This being the Feast of the Body and Blood of Christ, I suppose I should be speaking at length of the Real Presence of Jesus in the Eucharist: or of the mystery of transubstantiation, by which the elements of bread and wine change, by God’s grace, into his Flesh and Blood. I fervently believe these things, and promise I will address them. For the moment, however, I face the heartbreaking, indeed unprecedented, situation in which I may not distribute communion to the People of God. And so, I’d like to consider with you the mystery of Christ’s Body, but from another perspective, that is, the mystery of the Church, the Mystical Body of Christ. That is how Pope Pius XII referred to the People of God in his encyclical 77 years ago this month. In it we hear the echo of St. Paul’s letter to the Corinthians, that “by participation in the body of Christ…we who are many are one.” The beautiful sequence by St. Thomas Aquinas tells us: “Thousands are, as one, receivers, one, as thousands of believers, eats of him who cannot waste.” And the Gospel tells us Jesus is the source of life for those who feed on his Body. In the Church, therefore, we see the mystery of the whole Christ, God and man. The paradox of the sacraments is that we behold the divine presence—which is invisible—in the human, which is visible. Pope Pius reminds us that at the moment of Mary’s free submission to God’s will, there came about a “marriage” between divinity and humanity. As Catholics, we must believe that God’s grace has a real, transforming effect within us, and leads us to union with him and with our neighbor. Still, as we are creatures of time and space, the effect of grace on the mind and heart is not instantaneous. God does not violate the natural law of which he himself is the author. The natural law, not to mention the eternal law, recognizes the processes of growth, development, nourishment, and healing, whereby God’s children come to attain the perfection of holiness. Two things we must keep in mind: first, try as we may, we will never attain that perfection this side of eternity. Second, we only find the presence of God by looking beyond appearances, going below the surface to find that invisible, divine reality.
As your pastor, I recognize, and share, your frustration at not being able to receive Holy Communion in a time of infirmity and injustice. But I do you no service if I adopt, as many religious figures have, secular political categories, like power, privilege, and preference, to frame the discussion. I refuse to allow others to set the terms of dialogue. Let us use the language and wisdom of the Scriptures. The first reading reminds us: “one does not live by bread alone, but by every word that comes forth from the mouth of God.” Ask yourselves, throughout the present turmoil when, if at all, does the word of God enter the discussion? The Evil One divides us by setting up mutually exclusive camps, demanding absolute perfection from others, humiliation and dominance over others, empty gestures, and silly slogans.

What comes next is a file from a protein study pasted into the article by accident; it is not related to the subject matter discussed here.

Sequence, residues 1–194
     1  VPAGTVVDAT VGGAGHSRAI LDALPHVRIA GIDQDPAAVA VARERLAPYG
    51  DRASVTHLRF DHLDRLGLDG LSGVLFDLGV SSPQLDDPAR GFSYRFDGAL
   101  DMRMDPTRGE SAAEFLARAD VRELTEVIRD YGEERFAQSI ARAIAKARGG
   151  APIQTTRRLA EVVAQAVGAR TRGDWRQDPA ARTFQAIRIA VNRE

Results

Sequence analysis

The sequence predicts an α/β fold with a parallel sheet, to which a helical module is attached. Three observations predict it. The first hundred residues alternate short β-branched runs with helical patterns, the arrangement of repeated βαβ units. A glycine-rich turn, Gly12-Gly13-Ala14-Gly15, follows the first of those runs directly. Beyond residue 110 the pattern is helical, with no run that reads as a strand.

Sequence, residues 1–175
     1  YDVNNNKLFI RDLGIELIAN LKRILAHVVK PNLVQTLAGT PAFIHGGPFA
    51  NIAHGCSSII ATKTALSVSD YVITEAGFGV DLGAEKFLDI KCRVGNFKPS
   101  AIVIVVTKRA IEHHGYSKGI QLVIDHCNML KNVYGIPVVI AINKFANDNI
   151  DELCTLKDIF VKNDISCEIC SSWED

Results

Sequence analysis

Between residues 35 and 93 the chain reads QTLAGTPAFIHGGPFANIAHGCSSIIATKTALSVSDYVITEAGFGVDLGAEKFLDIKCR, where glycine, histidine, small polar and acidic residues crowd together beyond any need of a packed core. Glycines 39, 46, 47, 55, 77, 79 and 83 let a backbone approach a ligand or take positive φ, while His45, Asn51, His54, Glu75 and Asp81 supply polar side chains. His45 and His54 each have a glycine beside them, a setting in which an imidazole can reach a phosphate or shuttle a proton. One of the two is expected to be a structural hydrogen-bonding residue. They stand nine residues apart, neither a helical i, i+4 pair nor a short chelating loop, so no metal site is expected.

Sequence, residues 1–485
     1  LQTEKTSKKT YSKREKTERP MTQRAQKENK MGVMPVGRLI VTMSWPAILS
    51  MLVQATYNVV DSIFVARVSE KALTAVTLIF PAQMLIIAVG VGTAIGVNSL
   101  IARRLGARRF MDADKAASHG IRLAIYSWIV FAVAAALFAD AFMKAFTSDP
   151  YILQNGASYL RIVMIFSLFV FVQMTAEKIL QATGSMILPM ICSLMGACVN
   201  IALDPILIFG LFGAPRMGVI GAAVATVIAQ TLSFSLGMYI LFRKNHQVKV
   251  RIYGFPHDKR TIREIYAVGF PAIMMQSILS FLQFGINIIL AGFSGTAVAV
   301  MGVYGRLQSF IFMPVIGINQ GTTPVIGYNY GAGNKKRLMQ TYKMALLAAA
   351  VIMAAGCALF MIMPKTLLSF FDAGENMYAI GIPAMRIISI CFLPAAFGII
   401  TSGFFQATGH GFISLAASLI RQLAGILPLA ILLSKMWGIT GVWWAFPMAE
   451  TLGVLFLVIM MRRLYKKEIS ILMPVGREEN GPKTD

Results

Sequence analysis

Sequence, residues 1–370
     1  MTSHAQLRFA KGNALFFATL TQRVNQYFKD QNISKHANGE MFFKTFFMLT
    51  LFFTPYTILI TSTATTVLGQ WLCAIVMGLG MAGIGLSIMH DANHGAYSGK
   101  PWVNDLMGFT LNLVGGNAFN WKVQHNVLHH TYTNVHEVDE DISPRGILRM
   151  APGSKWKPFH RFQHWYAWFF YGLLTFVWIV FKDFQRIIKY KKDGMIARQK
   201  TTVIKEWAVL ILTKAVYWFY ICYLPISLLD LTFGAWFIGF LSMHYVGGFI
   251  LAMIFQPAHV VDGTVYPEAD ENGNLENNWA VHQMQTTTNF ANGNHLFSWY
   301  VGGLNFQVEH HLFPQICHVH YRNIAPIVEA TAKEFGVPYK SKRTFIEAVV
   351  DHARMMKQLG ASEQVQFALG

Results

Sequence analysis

My favorite “spiritual writer,” whom I quoted last week, is Flannery O’Connor. In her essay, “The Sins of the Church,” she argues that an adolescent view of the world demands “the kingdom of heaven on earth right here, right now.” The adult, on the other hand, is far more patient and realistic. As she says, a mature person “knows the consequences of sin, (and) knows how deep you have to go to find love.”
Does not our Lord turn our lives upside down when he says, “Love your enemies; pray for your persecutors”? Of the Church, O’Connor says: “You don’t serve God by saying: the Church is ineffective, I’ll have none of it…To expect too much is to have a sentimental view of life, and this is a softness that ends in bitterness. Charity is hard and endures…” Let me emphasize: love, we Catholics know, is not a feeling; it is an act of the will. At a moment like ours, it is difficult, even impossible, to love as God would have us love. Why? Because it demands that people calm down, show mutual respect, act upon the Commandments and Beatitudes, and keep in mind that there is a constant struggle throughout human life to cooperate with the grace of God. Whatever course of action human beings adopt, it will always…always…fall short. We must constantly reevaluate our values and actions in light of the Gospel challenge.
And so today we revere the Body of Christ in its Mystical Reality, the Church. The good news today is that the Church, once again, has become a visible presence, here at home, in our nation, and throughout the world. By receiving the Body of Christ, we become the Body of Christ more and more. Let us start by turning our minds and hearts to the real presence of Christ in the Eucharist. St. Thomas tells us of the sacrament: “Sight has failed, nor thought conceives, but a dauntless faith believes, resting on a power divine.” From first to last, Christians look beyond appearances to find the hand of God at work. So let us put ourselves in his hands, and be instruments of his peace in our world today.